Fast food is inescapable in the modern age. Even healthy-minded people get bogged down in busy schedules and have to resort to binging on fast, convenient, and cheap food. In America alone, there are over 50,000 fast food restaurants, and in the world, there’s over 500,000. The golden arches of McDonald’s have come to represent American business across the globe, and for most people, there is little doubt that the Americans came up with the concept of fast food. Fast food and the modern era seem to go hand-in-hand, but fast food actually has ancient roots that go back millennia to ancient Rome.
Pompeii, an ancient Roman city near modern-day Naples, was destroyed in AD 79 by a catastrophic volcanic explosion. The horrific explosion that destroyed Pompeii also coated the city in layers of volcanic ash, which has had the amazing effect of preserving the town and giving archaeologists a glimpse into the past. Among many discoveries found at the site, they also gleaned some understanding of the how ancient residents ate food, and surprisingly, they loved fast food. The city had restaurants that opened onto the street and were full of stone wells. The theory goes that these ancient wells stored, and kept hot, a number of dishes. Residents of Pompeii could go to one of these establishments and grab a quick meal to either eat at simple tables outside of the restaurant or take the food back home to their waiting families. Sound familiar? In fact, this style of food distribution could be found throughout the entire Roman Empire. It seems that the Americans just modernized an ancient tradition; it’s not like the Roman were selling hamburgers, right? Well, actually…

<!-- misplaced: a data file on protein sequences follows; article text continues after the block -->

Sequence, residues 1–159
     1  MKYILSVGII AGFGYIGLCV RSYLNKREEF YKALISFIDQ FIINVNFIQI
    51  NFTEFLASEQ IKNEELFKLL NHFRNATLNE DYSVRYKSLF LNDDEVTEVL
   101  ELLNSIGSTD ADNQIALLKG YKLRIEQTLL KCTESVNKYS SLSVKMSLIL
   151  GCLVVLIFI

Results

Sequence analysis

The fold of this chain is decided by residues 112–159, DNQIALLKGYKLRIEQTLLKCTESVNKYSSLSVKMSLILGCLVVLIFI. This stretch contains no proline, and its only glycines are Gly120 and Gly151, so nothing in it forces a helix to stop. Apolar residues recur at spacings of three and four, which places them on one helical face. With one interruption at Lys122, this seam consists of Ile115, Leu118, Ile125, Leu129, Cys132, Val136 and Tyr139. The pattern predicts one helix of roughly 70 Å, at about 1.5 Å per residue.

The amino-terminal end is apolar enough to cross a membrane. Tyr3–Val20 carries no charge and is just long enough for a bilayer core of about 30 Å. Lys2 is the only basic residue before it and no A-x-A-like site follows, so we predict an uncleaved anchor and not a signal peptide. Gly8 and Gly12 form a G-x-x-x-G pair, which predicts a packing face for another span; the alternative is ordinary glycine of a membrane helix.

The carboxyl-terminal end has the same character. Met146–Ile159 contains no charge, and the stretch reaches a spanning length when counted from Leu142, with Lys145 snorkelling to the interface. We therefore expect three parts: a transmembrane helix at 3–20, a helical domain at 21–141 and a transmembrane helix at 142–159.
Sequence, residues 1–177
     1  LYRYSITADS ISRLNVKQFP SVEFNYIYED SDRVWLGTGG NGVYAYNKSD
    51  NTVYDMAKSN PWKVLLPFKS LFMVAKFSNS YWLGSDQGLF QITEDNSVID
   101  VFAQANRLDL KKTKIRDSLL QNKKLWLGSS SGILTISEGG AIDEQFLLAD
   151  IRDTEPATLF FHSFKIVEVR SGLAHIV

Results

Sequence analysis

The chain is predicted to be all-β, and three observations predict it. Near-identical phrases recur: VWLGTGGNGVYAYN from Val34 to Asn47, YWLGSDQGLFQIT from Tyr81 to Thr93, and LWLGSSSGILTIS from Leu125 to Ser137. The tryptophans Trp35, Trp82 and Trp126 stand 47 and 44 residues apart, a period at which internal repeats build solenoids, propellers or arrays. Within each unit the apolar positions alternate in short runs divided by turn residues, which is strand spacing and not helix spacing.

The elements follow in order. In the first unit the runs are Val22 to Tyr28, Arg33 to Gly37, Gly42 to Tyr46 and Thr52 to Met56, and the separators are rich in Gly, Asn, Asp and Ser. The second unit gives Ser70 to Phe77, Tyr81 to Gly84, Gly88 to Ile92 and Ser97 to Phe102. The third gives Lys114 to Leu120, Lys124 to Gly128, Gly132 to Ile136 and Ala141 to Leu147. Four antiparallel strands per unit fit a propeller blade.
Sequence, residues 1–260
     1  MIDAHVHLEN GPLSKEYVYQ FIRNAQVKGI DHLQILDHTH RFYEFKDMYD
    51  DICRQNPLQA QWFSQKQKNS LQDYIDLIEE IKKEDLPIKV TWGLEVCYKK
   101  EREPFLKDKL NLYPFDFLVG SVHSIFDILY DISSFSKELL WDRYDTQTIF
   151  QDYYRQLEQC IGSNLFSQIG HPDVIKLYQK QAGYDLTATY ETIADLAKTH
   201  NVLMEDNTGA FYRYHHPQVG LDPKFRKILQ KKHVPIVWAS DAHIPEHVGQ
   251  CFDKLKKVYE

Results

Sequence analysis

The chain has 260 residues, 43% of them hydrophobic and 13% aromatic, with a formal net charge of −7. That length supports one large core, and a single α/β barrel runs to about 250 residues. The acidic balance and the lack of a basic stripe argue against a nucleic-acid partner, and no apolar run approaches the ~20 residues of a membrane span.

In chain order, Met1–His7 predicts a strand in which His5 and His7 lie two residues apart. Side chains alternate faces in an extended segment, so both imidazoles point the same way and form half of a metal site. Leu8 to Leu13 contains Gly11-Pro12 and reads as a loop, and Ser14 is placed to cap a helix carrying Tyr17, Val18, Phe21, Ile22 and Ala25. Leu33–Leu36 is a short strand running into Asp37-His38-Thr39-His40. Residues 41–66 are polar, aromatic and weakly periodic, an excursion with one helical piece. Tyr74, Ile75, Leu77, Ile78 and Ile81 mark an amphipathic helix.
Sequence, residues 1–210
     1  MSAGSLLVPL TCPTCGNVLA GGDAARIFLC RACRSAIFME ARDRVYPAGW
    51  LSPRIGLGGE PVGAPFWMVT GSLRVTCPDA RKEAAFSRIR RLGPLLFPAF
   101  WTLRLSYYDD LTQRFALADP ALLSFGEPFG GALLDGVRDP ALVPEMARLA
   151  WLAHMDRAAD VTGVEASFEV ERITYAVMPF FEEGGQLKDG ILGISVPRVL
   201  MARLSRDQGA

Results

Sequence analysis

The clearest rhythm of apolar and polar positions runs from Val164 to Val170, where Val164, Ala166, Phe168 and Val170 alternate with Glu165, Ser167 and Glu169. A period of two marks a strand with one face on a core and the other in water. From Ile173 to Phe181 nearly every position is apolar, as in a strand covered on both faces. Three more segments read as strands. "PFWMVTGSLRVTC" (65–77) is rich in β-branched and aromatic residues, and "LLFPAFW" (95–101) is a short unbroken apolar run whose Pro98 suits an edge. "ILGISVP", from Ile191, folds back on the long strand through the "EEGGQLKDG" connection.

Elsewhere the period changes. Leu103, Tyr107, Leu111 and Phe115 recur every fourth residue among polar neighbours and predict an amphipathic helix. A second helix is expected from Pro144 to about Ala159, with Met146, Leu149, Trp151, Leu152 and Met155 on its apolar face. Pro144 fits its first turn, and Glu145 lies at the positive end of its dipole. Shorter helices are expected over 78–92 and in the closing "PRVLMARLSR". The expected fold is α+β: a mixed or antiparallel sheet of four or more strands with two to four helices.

The ancient Romans also invented hamburgers, and sure enough, used their fast food restaurants to feed these delicious meals to the masses. The Apicius, an ancient Roman cookbook that was compiled during either the 4th or 5th century AD, gives a huge amount of information as to what the ancient Romans ate, and sure enough, a recipe for hamburgers resides in this ancient tome. Known as Isicia Omentata, the ancient Roman recipe calls for mixing minced meat with pepper, pine nuts, wine and a rich fish sauce known as Garum. The mixture would then be formed into patties, roasted over a fire, and served on bread. The similarities between Isicia Omentata and a regular, modern hamburger, are strikingly similar; all that’s missing is a side of fries and a coke.
What’s amazing about food, even fast food, is that it ties the modern to the ancient. In a world full of technological marvels, it is hard to relate to the ancient past. To understand what their day-to-day lives would have been. Food ties us to our past, reminds us that we’re all the same despite millennia separating us. So next time you’re at a fast food joint, ordering a burger, remember that there were countless ancient Romans who did the exact same thing.